The Gender Security Project
Healing the Warp and Weft of Scars with Women Weaver Networks in Timor-Leste
by Samyuktha PC
The Timorese trace their origins to over 5000 years ago, when different Austronesian tribes settled on an island on the Indian Ocean, bringing new skills and arts learned from Javanese tribes, Arabian traders and the Indian subcontinent. The weaving of tais (handwoven traditional Tenun textiles), originated from this intersection of cultural history, with each Timorese tribe developing different languages or methodologies for dyeing fabrics and weaving cultural and folk motifs across their tapestries.
The Violence of History
The dense sandalwood forests of Timor attracted traders from China, Arabia and all corners of the maritime world. The colonization of Timor began in the 16th Century when Portuguese traders and missionaries arrived on the island. In the 17th Century, the Dutch East India Company began colonizing Timor. In 1859, the Treaty of Lisbon gave the Dutch control over the western half of Timor and the Portuguese control over the eastern half. The colonies were characterized by a paternalistic attitude towards the indigenous people and the exploitation of the island's resources. Their missionaries proselytized tribes across the island. They plundered and destroyed the sandalwood forests and several indigenous cultural resources.
In 1975, when the Carnation Revolution overthrew the Portuguese Empire, the new regime proclaimed the independence of its colonies. On November 28, 1975, FRETILIN and Prime Minister Xavier do Amaral, unilaterally declared the Independence of Timor-Leste. However, this was short lived. The Suharto regime in Indonesia exploited the vacuum of military power in East Timor, and under the pretext of squashing a Communist takeover, instigated a civil war and invaded the island on December 7, 1975, with military weapons supplied by the United States of America.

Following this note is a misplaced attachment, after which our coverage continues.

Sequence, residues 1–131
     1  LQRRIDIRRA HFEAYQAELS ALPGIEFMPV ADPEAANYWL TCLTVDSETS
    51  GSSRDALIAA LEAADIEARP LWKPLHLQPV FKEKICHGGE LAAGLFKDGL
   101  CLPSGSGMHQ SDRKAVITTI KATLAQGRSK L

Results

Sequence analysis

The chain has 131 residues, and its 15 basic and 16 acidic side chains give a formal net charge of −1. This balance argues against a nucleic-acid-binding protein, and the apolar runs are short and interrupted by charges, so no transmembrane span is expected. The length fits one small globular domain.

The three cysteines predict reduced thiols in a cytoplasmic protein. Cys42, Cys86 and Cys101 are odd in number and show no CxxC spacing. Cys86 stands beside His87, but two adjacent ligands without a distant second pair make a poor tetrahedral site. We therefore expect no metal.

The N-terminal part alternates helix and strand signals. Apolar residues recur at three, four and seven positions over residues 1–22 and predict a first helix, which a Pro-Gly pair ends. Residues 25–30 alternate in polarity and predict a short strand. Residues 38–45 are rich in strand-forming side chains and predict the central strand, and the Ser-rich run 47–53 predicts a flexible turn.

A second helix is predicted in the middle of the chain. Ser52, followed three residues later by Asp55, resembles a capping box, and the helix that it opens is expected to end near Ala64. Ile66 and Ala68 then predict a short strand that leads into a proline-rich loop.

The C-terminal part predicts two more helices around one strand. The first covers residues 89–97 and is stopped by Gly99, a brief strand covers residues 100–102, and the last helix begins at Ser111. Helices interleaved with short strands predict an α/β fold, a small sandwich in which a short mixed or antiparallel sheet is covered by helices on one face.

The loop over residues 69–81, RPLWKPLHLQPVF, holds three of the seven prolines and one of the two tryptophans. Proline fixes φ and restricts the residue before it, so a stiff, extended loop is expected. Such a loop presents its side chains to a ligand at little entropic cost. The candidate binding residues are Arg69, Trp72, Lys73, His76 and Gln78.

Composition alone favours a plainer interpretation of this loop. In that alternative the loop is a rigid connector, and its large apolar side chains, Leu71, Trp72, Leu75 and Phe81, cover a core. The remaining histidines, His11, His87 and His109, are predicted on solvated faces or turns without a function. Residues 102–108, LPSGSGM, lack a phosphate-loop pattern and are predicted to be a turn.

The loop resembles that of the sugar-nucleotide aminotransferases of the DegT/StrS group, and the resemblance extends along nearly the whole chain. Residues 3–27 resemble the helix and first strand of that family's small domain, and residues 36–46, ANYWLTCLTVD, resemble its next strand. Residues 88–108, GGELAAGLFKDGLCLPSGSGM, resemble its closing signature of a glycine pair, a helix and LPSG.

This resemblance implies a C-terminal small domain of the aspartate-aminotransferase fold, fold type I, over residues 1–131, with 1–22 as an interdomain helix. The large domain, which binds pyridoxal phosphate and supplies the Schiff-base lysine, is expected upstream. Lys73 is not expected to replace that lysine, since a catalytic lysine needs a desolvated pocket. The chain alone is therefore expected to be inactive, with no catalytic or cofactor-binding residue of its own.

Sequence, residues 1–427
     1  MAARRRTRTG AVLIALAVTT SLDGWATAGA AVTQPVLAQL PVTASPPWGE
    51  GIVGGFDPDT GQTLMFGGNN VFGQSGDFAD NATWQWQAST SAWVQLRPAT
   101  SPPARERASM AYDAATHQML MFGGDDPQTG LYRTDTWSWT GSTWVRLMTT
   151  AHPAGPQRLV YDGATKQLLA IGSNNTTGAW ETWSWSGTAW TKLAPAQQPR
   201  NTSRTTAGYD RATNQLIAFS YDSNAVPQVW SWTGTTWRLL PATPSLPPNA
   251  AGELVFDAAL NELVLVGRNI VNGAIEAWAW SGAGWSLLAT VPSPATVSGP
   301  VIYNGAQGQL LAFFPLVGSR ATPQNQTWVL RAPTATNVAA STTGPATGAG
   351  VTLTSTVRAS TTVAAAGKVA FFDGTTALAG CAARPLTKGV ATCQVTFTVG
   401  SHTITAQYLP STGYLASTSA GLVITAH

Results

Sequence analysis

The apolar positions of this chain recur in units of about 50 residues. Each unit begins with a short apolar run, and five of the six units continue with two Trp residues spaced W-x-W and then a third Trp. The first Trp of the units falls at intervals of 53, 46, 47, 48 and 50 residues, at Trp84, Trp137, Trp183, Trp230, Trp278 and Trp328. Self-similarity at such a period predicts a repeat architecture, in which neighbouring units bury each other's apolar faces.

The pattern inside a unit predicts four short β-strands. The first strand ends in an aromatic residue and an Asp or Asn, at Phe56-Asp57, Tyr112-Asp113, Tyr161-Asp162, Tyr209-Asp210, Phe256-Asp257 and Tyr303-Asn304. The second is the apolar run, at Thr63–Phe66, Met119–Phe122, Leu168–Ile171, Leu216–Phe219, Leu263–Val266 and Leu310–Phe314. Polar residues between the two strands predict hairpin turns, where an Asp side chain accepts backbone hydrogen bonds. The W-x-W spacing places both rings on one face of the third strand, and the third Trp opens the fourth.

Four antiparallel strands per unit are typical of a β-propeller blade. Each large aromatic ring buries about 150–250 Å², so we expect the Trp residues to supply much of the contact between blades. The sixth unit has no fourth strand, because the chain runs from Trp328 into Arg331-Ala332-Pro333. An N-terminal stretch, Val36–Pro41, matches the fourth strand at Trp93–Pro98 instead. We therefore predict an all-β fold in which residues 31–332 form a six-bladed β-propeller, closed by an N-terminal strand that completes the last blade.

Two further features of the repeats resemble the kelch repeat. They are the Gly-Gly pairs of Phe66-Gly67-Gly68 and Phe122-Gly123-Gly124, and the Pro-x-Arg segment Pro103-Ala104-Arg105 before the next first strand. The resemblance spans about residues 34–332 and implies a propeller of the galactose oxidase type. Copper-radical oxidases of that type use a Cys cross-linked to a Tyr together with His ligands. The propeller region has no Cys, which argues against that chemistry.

This invasion led to one of the most tragic mass genocides of the world causing the death of over 200,000 people and the displacement of many more. It is crucial to note that the Great Sunrise fields in the Timor Sea, with a rich amount of oil reserves, were discovered in 1974. As 1996 Nobel Peace Prize Winner Jose Ramos-Horta, who played a critical role in Timor-Leste's independence from Indonesian dictatorship and the United Nations interim governance in 2002, points out, "...the United States is not the only culprit. Great Britain, France, Germany, Australia, Japan—all the major powers—are accomplices in one of the greatest genocides of a small nation in post-World War II." These nations still exploit the most control over Timor-Leste's natural resources - especially, oil and gas. And if the patterns of history repeat in different places of the world, it is a well-known neoliberalist tactic to ensure that indigenous conflict brews to keep the plundering of oil and gas alive.
Several indigenous movements of resistance marked in ceremonial tais against the Portuguese Crown, the Dutch East India Company, the Japanese military, the Indonesian state and the current neoliberalist powers have consistently re-engaged the idea and meanings of self-determination in Timor-Leste. The young nation simultaneously tackles its fragile rebirthing, with haunted memories, lack of resources, and internal conflicts. One cannot weave a history of Timor-Leste without understanding recurrent mass violence and its colonial and neoliberalist origins over the last four centuries. One needs to place the post-conflict restoration efforts to revive and protect indigenous Timorese tais weavers within this larger context of exploitation.